118 documents found in 348ms
# 1
Soares, Gabriel B. • Matzka, Jürgen • Pinheiro, Katia
Abstract: This dataset comprises preliminary minute means of the XYZ (X=geographic north, Y=geographic east, Z=downward) magnetic field components measured at the geomagnetic observatory Tatuoca (IAGA code TTB) for the period June 1st, 2008 to December 31st, 2017. TTB is located in northern Brazil and operates under the administration of Observatório Nacional (ON) since 1957. Since 2015 it is operated in cooperation between ON and GFZ. Since the early years of the 2000 decade, the magnetic equator is close to the observatory TTB. The variations from June 1st 2008 until November 19th, 2015 were recorded by a LEMI-417M fluxgate magnetometer (sampling rate during most of this period was 1 sec, but occasionally 0.25 or 6 sec). From November 20th, 2015 onwards, a DTU FGE fluxgate magnetometer (1 sec sampling) provided the variations. From late October 2016, the total field F was measured with a Gemsys overhauser absolute scalar magnetometer with 1 sec sampling. This is a processed and calibrated dataset. Inconsistencies like spikes and data jumps were corrected. The maximum admitted noise level in this dataset is 1 nT peak to peak in the underlying 1 sec data. Periods of recurrent noise exceeding this criterion were systematically deleted from the records. For data calibration, the baseline was constructed by means of absolute measurements of the geomagnetic field and applied to the variation data. The data files are provided in the IAGA-2002 format (https://www.ngdc.noaa.gov/IAGA/vdat/IAGA2002/iaga2002format.html) as daily files for 1-minute means. Following the IAGA2002-format, the filename consists of the IAGA-code, the year (YYYY), the month (MM), the day (DD), the letter p for preliminary, the letters min for 1-minute data, and the file extension min again for 1-minute data. The first 16 lines in each file are a IAGA2002-typical header, then comes, blank separated, the date (YYYY-MM-DD), time (hh:mm:ss.sss in UTC), day of year (DOY), the X component (XXXXX.XX in nT), the Y-component (YYYYY.YY in nT), the Z-component (ZZZZZ.ZZ in nT) and F (FFFFF.FF in nT). Please note that a dataset based on the data provided here will be submitted to the World Data Centre for Geomagnetism (WDC Edinburgh) at a later stage and might undergo further modifications. Geomagnetic observatories in general are described in e.g. Jankowski and Sucksdorff (1996), Matzka et al. (2010). GFZ observatories and observatory cooperations are described in Matzka (2016). The Geomagnetic Observatory Tatuoca (TTB) is described in Moschhauser et al. (2017).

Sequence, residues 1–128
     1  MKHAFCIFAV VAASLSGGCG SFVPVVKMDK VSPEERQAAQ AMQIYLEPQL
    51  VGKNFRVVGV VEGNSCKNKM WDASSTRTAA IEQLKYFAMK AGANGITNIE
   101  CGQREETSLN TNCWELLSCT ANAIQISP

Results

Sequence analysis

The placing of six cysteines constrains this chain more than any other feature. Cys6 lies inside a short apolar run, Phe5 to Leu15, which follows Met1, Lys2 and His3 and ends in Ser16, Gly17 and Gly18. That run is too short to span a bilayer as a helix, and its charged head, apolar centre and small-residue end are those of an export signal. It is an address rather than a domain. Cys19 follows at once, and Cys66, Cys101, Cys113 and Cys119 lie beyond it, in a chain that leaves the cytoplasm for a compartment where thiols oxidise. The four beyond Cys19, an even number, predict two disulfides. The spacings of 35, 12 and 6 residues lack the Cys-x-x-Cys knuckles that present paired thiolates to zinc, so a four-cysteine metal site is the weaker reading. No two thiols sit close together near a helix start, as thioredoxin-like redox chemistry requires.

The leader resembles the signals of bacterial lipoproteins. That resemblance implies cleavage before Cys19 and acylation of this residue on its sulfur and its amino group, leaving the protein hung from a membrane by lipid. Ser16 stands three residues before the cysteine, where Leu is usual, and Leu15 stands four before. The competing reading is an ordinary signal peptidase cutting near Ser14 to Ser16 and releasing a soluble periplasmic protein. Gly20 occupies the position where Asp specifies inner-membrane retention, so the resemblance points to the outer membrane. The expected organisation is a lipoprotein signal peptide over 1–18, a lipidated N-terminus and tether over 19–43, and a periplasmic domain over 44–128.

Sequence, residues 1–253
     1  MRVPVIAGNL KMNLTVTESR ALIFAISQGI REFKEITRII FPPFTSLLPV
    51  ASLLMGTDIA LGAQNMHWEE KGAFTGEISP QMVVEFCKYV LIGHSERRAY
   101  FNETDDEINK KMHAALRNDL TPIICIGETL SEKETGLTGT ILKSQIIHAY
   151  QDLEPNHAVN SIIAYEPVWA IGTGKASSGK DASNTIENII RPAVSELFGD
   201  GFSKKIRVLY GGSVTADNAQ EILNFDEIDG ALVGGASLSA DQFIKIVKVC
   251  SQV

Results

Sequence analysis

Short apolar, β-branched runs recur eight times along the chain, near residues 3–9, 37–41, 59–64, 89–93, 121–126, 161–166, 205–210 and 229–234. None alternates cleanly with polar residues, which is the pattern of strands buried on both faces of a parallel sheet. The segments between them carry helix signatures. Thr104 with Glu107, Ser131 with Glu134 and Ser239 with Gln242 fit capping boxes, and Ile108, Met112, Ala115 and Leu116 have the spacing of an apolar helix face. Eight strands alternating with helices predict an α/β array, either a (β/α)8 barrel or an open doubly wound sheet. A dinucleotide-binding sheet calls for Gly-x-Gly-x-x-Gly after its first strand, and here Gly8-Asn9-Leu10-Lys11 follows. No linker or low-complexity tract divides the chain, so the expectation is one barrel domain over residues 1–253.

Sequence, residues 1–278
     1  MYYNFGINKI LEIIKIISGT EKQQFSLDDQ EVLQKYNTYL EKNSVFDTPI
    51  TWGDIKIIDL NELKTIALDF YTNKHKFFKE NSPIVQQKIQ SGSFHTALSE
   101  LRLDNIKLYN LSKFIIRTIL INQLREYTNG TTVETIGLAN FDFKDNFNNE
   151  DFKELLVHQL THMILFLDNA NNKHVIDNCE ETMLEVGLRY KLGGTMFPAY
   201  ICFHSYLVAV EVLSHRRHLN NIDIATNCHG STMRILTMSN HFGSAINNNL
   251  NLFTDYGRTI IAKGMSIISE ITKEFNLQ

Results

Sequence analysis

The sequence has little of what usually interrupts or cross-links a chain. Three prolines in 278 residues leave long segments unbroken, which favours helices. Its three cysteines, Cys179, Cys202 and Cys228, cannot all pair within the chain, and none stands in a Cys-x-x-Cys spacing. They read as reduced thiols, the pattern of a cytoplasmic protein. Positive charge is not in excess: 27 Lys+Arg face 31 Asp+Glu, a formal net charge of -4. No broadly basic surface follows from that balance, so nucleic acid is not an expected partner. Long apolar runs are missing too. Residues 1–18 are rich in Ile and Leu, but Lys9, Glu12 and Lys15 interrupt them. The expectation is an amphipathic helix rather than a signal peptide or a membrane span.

# 2
Unger, Andrea • Rabe, Daniela • Klemann, Volker • Eggert, Daniel • Dransch, Doris
Abstract: The validation of a simulation model is a crucial task in model development. It involves the comparison of simulation data to observation data and the identification of suitable model parameters. SLIVISU is a Visual Analytics framework that enables geoscientists to perform these tasks for observation data that is sparse and uncertain. Primarily, SLIVISU was designed to evaluate sea level indicators, which are geological or archaeological samples supporting the reconstruction of former sea level over the last ten thousands of years and are compiled in a postgreSQL database system. At the same time, the software aims at supporting the validation of numerical sea-level reconstructions against this data by means of visual analytics.
# 3
Ritter, Patricia